Job Search

There are a variety of strategies you may use when conducting a job search. The two primary goals are to locate job vacancies and identify employers. Searching for a job can be thought of as a full-time job. This is why it is important to perform a self-evaluation to determine what it is you want to do and then be active and proactive in your job search. Chances are an employer is not going to find you, but you need to make sure you are actively seeking them.

Locating Job Vacancies

  •  Job Searching:   We are undergoing a transition with our Career Services Management System. We apologize for any inconvenience this may cause. We are striving to maintain excellent customer service throughout this process.

    • If you are looking for an on-campus job, please visit Trupositions.
  • Career Expo
    • Every semester the Career Center hosts Career Expo with approximately 100 employers from a variety of fields and locations.
  • On-Campus Recruiting
    • Employers visit Truman throughout the school year to interview candidates for full-time positions and internships.
  • Networking
    • Did you know 75% of jobs are not posted? This showcases the importance of networking!
  • Professional Associations
    • Join as a student member to begin networking with professionals in the field you want to pursue. Attend meetings of civil organizations as a guest of someone you know and use the opportunity to network.
  • Social and Professional Networking Sites
  • State/Employment Agency Services
  • Temporary Agencies
  • Trade Newspapers/Periodicals
  • Direct Employer Contact

Researching Employers

To effectively sell yourself as a job candidate, you need to persuade the employer you are a good fit for that employer’s needs. You cannot present yourself as a match if you do not know enough about the employer to do so. In interviews, employers expect you to arrive with knowledge of background information—products and services, financial statistics, locations, mission and history, and company culture. You have to be able to answer the critical question of why you would like to work for that employer—and not sound like you would take any job. Research also helps you formulate intelligent and appropriate questions to ask in your interview.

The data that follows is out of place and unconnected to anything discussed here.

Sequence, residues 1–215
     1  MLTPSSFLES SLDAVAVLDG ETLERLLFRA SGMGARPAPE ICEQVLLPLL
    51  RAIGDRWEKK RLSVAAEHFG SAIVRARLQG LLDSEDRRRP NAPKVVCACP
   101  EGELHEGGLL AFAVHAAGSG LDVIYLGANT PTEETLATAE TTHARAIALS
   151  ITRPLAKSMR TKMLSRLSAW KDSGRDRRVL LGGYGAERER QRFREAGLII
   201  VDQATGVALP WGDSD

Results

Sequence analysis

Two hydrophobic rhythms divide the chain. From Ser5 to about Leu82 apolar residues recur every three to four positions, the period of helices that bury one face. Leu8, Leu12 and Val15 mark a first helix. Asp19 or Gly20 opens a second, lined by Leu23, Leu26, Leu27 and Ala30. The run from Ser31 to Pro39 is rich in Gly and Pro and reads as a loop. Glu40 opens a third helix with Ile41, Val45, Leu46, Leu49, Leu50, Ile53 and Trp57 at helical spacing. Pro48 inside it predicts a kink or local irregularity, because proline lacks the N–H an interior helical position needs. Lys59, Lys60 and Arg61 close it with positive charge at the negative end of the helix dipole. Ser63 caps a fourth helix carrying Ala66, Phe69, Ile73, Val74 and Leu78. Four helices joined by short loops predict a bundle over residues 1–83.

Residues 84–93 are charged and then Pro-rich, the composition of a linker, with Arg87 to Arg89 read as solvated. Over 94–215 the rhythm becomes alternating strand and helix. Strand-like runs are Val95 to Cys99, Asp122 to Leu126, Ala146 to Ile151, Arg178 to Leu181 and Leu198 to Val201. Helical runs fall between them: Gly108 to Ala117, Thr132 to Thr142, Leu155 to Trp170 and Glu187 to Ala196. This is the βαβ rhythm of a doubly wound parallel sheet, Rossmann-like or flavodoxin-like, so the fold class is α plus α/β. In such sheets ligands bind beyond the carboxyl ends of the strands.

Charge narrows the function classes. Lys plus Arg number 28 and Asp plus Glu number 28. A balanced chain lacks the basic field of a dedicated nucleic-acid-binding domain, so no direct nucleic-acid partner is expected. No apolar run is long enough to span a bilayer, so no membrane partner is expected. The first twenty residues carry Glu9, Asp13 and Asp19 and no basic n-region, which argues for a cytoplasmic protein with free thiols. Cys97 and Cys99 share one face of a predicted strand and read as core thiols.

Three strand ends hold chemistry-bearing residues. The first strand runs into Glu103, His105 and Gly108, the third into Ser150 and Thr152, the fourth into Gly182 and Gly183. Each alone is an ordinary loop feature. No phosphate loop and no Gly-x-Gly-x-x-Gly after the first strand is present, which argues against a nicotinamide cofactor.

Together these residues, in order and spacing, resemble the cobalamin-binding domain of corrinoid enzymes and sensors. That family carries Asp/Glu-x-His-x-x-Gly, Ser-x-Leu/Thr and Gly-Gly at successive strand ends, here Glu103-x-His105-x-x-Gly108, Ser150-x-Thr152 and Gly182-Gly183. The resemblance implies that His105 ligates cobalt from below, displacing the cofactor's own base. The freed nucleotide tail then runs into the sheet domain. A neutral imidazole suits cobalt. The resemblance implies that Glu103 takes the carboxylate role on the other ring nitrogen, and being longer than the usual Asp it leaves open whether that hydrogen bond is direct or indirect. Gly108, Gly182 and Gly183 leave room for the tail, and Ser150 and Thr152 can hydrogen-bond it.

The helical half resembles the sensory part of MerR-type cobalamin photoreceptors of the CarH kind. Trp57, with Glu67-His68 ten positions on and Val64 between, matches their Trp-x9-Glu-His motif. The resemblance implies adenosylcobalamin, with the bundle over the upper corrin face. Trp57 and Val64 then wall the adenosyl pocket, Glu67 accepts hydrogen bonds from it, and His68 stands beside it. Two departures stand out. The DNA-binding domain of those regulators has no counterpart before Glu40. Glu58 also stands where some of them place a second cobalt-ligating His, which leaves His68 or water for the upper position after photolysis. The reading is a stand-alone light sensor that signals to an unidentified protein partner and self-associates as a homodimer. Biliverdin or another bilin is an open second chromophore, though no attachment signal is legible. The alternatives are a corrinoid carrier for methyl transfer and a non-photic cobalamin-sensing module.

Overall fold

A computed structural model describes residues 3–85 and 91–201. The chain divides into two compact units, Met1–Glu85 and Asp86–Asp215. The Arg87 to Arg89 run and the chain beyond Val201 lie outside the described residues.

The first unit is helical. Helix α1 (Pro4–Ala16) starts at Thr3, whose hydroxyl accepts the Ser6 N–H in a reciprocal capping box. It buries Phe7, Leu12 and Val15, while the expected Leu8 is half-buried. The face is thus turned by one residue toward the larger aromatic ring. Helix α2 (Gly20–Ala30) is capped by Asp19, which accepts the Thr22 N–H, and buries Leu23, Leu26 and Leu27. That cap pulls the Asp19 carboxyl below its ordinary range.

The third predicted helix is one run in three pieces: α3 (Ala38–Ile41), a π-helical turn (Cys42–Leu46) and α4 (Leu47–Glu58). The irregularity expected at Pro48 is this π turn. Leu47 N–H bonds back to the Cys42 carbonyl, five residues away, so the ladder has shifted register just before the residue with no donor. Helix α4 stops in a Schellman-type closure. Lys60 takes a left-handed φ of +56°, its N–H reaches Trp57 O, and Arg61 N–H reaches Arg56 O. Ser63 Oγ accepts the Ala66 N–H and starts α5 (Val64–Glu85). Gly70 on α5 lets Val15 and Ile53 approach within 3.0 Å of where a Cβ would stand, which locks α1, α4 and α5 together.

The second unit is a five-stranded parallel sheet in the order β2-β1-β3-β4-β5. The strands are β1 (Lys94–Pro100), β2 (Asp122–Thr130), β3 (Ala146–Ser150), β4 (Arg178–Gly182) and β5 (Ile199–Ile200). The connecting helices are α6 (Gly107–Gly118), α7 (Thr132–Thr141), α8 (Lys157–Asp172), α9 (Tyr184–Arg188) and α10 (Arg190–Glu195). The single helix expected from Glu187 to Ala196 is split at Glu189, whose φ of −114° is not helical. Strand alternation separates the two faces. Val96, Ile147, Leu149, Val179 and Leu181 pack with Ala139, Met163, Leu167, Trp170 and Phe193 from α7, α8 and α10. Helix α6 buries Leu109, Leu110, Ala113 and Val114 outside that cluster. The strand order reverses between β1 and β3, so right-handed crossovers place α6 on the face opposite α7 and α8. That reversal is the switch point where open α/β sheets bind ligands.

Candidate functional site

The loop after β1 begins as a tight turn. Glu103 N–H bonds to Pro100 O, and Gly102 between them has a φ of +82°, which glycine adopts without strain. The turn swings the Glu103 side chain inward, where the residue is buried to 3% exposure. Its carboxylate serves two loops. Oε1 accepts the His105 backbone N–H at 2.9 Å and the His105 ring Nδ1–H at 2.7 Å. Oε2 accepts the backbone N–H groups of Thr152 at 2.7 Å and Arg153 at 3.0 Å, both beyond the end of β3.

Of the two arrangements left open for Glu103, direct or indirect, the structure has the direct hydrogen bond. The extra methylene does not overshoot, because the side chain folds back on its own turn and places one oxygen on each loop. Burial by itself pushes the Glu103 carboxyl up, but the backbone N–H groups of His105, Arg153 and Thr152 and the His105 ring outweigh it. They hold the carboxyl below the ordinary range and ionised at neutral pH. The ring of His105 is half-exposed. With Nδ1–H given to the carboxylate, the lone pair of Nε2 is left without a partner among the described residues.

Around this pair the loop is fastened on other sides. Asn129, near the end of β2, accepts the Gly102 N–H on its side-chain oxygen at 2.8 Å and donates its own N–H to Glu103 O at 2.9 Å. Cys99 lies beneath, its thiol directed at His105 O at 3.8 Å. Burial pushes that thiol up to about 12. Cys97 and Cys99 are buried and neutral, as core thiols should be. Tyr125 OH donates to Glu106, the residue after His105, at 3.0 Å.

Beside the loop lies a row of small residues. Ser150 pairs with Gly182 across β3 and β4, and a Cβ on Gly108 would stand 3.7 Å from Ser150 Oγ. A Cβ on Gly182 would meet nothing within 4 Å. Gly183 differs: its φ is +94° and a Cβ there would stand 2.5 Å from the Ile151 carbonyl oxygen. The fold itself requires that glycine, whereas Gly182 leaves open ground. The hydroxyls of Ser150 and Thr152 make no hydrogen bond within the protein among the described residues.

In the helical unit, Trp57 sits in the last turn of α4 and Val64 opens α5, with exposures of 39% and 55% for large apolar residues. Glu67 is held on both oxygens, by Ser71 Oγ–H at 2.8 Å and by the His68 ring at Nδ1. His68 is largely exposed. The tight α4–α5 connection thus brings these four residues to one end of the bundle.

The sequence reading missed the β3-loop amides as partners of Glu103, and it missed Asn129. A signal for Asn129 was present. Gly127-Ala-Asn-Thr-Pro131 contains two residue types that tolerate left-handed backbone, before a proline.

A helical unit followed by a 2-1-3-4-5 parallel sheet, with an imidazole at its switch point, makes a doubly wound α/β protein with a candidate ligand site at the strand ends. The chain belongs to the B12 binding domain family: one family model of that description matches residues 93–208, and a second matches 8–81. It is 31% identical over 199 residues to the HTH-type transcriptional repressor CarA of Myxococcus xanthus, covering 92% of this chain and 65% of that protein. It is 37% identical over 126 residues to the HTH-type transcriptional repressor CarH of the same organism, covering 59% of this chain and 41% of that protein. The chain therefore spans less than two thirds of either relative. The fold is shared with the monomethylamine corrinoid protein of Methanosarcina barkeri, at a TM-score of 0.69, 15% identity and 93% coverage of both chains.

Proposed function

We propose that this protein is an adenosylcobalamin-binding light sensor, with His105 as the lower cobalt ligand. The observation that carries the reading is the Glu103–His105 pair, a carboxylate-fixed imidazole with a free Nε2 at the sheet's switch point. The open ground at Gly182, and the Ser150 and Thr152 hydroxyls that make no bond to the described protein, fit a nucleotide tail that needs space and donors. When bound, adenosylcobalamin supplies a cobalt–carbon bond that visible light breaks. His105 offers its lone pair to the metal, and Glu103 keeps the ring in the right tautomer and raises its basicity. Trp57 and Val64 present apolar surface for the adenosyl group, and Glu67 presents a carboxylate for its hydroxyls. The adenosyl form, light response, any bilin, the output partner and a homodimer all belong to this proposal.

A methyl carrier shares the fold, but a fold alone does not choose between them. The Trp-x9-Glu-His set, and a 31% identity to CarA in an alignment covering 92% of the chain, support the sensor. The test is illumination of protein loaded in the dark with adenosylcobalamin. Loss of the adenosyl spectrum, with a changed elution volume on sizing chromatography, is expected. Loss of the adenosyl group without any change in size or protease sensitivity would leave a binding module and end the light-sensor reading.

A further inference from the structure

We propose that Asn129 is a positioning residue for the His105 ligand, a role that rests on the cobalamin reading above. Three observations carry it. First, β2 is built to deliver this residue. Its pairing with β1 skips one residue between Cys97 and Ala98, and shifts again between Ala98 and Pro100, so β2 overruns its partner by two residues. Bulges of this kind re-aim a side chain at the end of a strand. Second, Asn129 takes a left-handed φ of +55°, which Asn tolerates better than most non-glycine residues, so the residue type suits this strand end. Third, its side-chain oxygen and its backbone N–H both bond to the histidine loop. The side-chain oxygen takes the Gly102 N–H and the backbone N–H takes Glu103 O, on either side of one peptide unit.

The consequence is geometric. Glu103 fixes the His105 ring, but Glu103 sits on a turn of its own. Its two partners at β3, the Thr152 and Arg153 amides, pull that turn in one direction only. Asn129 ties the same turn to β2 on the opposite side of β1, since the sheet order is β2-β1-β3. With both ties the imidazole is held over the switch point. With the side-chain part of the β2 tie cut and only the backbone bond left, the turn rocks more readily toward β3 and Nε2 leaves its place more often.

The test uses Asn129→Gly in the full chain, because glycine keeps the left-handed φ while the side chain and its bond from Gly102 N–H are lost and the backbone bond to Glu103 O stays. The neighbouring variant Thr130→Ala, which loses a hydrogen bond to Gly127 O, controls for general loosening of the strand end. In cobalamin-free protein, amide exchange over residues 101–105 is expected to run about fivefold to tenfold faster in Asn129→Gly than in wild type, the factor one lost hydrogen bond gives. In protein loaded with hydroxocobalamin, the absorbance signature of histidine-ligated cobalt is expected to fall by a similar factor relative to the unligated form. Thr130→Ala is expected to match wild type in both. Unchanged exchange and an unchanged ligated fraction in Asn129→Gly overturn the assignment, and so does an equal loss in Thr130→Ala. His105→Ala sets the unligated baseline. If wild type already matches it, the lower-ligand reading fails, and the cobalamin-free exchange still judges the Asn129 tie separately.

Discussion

Targeted Job Searching

  • Identify and research companies
  • Read company websites, business journals, and popular business magazines
  • Contact people within the organization
  • Network online
  • Stay on the radar screen of the company
  • Keep the traditional search methods going

Biggest Job Search Mistakes

  • Not knowing what you want to do
  • Not following up
  • Not networking
  • Errors in your résumé and cover letter
  • Poor interviewing skills
  • Lack of knowledge about the company/country (if you’re looking for an internship abroad, check out Going Global to get relevant information for your application materials, the hiring process and the country)
  • Applying for too few jobs

Job Search Tips

  • Stay positive—don’t appear desperate
  • Break down the search into manageable units
  • Make sure your product is polished
  • Be upbeat, friendly, and positive in each interaction
  • Don’t undervalue or overprice yourself
  • Tailor your résumé and cover letter to the specific job in which you are applying

Social Media and the Job Search

As social media is becoming a preferred method of communication, employers are increasingly looking at candidates’ social media sites. In fact, one third of all employers use social media in the hiring process. Employers can use the information found on your social media to determine your professionalism, your character, and skills. This can help you get an interview but it can also prevent you from getting the interview. Be sure to check your social media pages before conducting your job search. View your pages through the perspective of a potential employer.

Job and Salary Negotiation

Salary negotiation takes tact, skill, and research. Don’t forget that salary is not the only factor in taking an offer. Benefits, cost-of-living, geographic location, work environment, and corporate culture also need to be considered. Look at the whole picture. While doing your research, you need to also figure out what you’re worth before you start to negotiate.  In order to evaluate your options, you should clearly identify what you want and what you need.

Here are some aspects of the job to weigh:

  • Position
  • Start date
  • Salary
  • Moving
  • Bonus
  • Benefits

Successful and realistic negotiations embrace five principles based on the knowledge that the salary you begin a job with reflects your value to an organization and typically determines future salary increases.  These five principles are:

  • Research
  • Self-confidence
  • Recognition of mutual needs
  • Calculated timing
  • Evaluation and communication

Students who are interested in working abroad should use Going Global to research countries and opportunities available.  Login information is the same as your Truman username and password.


Students who are interested in working in the Arts industry can use ArtSearch.  To obtain the login credentials, please email careers@truman.edu.

  • The Career Center can help you research employers and job vacancies as well as tailoring your resume and cover letter for the application process.  Stop in the Career Center Monday-Friday from 8:00 am-5:00 pm for a résumé or cover letter critique or to sign up for a Mock Interview.

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